Issue 118
  October 2020
Contents:
 

MARQUES Corporate Meetings in 2021

>  
 

Madrid Working Group meeting

>  
 

UKIPO updates Brexit guidance

>  
 

Survey on counterfeit labels and packaging materials

>  
 

Report on IP right bundles

>  
 

User Group Meeting at EUIPO

>  
 

WIPO publishes Creative Economy Notes

>  
 

Consultation on protection and enforcement of IP rights

>  
 

CJEU case update

>  
 

Madrid Protocol tips in Canada

>  
 

Coming soon from MARQUES

>  
 

MARQUES Media Roundup

>  
 
Disclaimer:
The views expressed by contributors to this newsletter are their own and do not necessarily reflect the policy and/or opinions of MARQUES and/or its membership.  Information is published only as a guide and not as a comprehensive authority on any of the subjects covered.  While every effort has been made to ensure the information given is accurate and not misleading neither MARQUES nor the contributors can accept any responsibility for any loss or liability perceived to have arisen from the use or application of any such information or for errors and omissions.  Readers are strongly advised to follow up articles of interest with quoted sources and specialist advisors.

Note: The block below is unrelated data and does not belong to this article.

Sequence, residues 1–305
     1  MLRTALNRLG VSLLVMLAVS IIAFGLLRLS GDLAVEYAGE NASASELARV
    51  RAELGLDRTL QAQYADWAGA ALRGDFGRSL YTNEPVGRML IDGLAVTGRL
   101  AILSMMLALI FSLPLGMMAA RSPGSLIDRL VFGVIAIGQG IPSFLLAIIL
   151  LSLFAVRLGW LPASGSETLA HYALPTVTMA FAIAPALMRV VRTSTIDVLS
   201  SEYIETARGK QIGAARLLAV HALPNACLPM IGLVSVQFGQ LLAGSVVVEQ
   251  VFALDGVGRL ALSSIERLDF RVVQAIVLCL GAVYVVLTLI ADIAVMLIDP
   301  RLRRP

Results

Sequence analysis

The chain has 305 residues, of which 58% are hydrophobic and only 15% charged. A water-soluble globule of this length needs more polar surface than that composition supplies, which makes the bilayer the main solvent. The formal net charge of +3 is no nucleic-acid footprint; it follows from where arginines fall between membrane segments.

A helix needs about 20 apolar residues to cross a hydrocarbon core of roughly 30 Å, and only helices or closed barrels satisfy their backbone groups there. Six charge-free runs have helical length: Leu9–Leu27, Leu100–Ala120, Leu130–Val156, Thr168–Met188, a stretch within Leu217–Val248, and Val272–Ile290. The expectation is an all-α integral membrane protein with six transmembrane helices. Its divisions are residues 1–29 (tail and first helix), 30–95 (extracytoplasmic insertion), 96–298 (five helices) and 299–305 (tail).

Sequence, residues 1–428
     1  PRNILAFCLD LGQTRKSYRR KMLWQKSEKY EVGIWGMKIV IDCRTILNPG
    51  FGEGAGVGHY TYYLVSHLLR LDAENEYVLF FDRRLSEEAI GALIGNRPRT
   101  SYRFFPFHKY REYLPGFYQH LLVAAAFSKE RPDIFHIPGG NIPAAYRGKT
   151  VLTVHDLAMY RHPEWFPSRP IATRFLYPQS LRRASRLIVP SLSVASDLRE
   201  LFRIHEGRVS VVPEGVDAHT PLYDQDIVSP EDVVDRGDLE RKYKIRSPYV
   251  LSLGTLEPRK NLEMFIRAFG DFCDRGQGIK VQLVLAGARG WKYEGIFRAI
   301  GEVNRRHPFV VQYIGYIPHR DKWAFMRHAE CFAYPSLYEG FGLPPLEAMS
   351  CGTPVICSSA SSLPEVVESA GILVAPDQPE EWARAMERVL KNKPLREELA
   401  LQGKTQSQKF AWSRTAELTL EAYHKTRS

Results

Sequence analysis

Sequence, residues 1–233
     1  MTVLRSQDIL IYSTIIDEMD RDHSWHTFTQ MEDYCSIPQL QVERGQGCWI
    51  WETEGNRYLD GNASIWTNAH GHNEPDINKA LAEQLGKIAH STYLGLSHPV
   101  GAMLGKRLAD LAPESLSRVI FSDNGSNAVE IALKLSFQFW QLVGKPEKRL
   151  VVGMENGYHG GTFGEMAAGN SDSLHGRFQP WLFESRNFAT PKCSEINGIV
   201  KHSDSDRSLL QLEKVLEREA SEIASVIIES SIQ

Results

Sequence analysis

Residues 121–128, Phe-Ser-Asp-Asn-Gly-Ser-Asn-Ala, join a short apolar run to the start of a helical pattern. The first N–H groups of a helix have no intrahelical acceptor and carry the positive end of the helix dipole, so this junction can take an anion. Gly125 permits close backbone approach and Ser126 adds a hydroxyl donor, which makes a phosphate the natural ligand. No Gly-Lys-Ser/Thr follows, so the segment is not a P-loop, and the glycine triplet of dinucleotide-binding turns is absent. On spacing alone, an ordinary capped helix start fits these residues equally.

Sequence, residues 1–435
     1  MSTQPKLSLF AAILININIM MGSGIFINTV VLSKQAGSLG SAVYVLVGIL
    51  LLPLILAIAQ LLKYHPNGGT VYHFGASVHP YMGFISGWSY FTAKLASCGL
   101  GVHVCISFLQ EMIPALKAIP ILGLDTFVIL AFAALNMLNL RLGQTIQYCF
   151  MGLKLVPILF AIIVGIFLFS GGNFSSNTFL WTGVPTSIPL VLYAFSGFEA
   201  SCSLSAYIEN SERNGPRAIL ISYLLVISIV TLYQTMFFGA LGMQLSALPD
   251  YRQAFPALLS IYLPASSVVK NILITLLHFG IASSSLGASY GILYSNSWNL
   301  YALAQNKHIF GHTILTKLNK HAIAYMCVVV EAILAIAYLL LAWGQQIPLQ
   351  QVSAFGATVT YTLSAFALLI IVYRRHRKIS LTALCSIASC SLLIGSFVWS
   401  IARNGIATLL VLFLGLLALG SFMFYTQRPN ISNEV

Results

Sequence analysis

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MARQUES Corporate Meetings in 2021

MARQUES is planning to host four dedicated sessions for corporate members next year. These are by invitation only, and full details will be sent out to corporate members soon.

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Madrid Working Group meeting

The MARQUES International Trademark Law and Practice Team, represented by Tove Graulund, Gavin Stenton and Jessica Le Gros, participated in the (postponed) Madrid Working Group meeting in October

Read More >>
Brexit guidance updated

Roland Mallinson, Chair of the MARQUES Brexit Task Force, has a round up of the latest UK and EUIPO publications relating to the impact of Brexit on trade marks and designs.


Updated UKIPO guidance

Most recently, the UKIPO published updated guidance for businesses on 28 October 2020. This essentially summarises previous guidance.

The main news, such as there is, is a repeated (but now more emphatic) statement from the UKIPO that the new unregistered UK design right (to be called the supplementary unregistered design) will only arise if disclosure is in the UK or a qualifying country.

This means that potentially a design first disclosed in the UK may benefit from the new UK unregistered design right but not the EU right. In reverse, if a design is first disclosed in an EU27 country it will benefit from the EU unregistered design right but not the supplementary UK right.

Designers could potentially face a stark choice as to where to first show their designs depending on their preference for unregistered protection. Ideally, the law will clarify that simultaneous and qualifying disclosure can somehow be achieved online in order for protection in both regions to arise.

Court of Appeal can depart from EU case law